Go to Year 4 Number and Place Value

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]]>The post Partitioning in Year 4 appeared first on URBrainy.

]]>Partitioning numbers is an important part of the new maths curriculum. In Year 4 children will be expected to partition numbers in the thousands into thousands, hundreds, tens and ones.

For example: 4 560 can be written as 456 tens; 45 hundreds and 6 tens; 4 thousands and 56 tens and so on.

Our latest sets of worksheets take a close look at partitioning and provide plenty of excellent practice.

Go to Year 4 Number and Place Value

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]]>The post Written Methods of Calculating in Year 4 appeared first on URBrainy.

]]>Once children have understood the formal written methods of calculating they still need plenty of practice in order to work quickly and accurately. Our latest sets of worksheets for Year 4 are ideal for this, keeping the numbers reasonably small and providing squared paper to work on. There are, of course, many more pages in our separate Addition, Subtraction, Multiplication and Division categories.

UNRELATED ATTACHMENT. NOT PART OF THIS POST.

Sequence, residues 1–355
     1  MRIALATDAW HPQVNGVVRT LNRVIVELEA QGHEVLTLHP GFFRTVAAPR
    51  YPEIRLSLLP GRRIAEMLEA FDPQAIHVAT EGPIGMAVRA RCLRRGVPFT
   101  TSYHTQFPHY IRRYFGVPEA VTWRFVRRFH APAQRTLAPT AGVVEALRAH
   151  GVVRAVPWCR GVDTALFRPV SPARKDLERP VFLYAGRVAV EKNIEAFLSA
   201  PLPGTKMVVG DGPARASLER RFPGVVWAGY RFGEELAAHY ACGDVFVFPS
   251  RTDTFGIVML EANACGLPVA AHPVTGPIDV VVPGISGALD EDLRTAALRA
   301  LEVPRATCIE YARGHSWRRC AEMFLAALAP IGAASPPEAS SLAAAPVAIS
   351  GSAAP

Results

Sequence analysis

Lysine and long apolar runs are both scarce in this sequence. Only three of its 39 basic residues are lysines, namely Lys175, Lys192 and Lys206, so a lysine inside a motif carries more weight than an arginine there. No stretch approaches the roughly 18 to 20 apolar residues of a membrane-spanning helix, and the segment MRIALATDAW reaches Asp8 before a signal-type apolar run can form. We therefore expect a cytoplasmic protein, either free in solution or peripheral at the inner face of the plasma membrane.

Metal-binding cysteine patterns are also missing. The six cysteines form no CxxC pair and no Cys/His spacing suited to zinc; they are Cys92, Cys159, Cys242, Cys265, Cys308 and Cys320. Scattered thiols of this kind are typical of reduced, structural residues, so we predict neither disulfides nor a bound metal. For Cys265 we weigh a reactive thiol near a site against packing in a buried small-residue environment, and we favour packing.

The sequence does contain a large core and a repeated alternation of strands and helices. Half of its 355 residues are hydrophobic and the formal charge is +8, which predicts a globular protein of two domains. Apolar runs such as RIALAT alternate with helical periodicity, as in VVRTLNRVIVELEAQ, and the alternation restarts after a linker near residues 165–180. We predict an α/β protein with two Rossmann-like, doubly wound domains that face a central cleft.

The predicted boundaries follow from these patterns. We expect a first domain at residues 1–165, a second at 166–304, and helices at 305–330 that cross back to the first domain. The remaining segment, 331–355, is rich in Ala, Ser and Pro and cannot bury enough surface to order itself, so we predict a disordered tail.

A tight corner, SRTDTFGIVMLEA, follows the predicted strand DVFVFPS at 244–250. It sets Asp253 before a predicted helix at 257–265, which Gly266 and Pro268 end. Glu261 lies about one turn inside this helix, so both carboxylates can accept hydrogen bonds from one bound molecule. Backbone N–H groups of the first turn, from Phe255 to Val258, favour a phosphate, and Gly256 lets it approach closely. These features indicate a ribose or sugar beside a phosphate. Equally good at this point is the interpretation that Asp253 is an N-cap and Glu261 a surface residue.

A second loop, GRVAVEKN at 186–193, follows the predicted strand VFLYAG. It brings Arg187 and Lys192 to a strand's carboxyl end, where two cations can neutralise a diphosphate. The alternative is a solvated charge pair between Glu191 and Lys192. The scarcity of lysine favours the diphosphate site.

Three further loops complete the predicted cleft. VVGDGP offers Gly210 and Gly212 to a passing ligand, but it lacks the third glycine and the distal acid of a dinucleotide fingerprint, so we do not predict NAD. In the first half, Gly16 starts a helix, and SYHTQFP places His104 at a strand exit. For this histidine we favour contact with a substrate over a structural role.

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]]>The post Year 4 Addition appeared first on URBrainy.

]]>Our latest sets of addition worksheets for Year 4 really do show the relationship between addition and subtraction. We have two sets where the missing number in an addition sentence has to be found, which requires either subtraction or ‘counting on’. The third and fourth sets have missing digits rather than missing whole numbers, and are the sort of problems that the teaching for mastery approach suggests using.

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]]>The post Year 4 division tables appeared first on URBrainy.

]]>Whilst we are all used to the traditional way of learning times tables it is important to be able to rapidly adapt the known information to solve number problems. For example, children may learn that 7 x 6 = 42 but they should be just as quick in finding 42 ÷ 7 = ?